A greater understanding of the effects of nuclei content on TVC has been achieved. Natural nuclei population dynamics in test facilities should be factored into experimental design when testing in flows with low pressures. This was taken into account in the study of TVC in nuclei deplete flows, which quantitatively shows inception to be stochastic in nature and strongly dependent on the nuclei population, in contrast to desinence. The extent to which nuclei content affects TVC behaviour increases as the difference between the populations becomes greater. While the appearance and noise emissions of TVC differ markedly between nuclei deplete and abundant flows, the differences in these characteristics are less pronounced between flows with injected mono- and polydisperse nuclei populations which are more similar with respect to bubble size and concentration distributions. Nevertheless, variations in nuclei concentration between populations are clearly reected by changes in inception event rate. To further understanding about nucleation effects on TVC, additional work is required on nuclei measurement and bubble generation techniques, TVC behaviour across a wider range of nuclei populations and validation of theoretical cavity dynamic and acoustic models using experimental data.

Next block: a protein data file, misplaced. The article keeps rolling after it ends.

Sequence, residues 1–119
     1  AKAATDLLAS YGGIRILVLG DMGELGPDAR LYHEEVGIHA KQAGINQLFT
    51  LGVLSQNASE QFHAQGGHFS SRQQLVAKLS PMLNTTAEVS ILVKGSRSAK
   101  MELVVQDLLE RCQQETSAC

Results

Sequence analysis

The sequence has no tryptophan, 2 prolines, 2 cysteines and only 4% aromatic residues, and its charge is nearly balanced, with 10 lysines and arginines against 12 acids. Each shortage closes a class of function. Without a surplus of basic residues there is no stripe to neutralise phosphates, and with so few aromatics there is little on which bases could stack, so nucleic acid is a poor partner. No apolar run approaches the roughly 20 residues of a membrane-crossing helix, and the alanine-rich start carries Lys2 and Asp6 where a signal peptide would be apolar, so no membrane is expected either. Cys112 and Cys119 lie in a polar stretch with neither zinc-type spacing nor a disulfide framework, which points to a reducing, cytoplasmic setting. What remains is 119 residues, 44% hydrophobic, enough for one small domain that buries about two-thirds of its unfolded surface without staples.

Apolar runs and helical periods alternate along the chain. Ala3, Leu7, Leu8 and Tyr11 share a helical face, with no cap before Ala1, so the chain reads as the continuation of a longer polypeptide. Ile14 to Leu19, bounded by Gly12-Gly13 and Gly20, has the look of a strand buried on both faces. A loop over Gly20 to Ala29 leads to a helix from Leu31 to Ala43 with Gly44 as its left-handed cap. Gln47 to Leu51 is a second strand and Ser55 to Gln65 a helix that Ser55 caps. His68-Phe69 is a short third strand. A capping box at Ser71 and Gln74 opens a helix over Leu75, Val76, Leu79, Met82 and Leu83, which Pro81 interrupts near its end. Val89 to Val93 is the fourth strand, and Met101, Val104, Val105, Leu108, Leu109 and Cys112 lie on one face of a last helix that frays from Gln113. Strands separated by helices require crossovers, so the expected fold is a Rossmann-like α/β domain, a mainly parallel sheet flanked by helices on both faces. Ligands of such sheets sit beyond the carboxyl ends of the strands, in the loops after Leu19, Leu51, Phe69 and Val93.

Item Type: Thesis - PhD
Authors/Creators:Khoo, MTB
Keywords: tip vortex cavitation, nuclei, cavity dynamics, cavity acoustics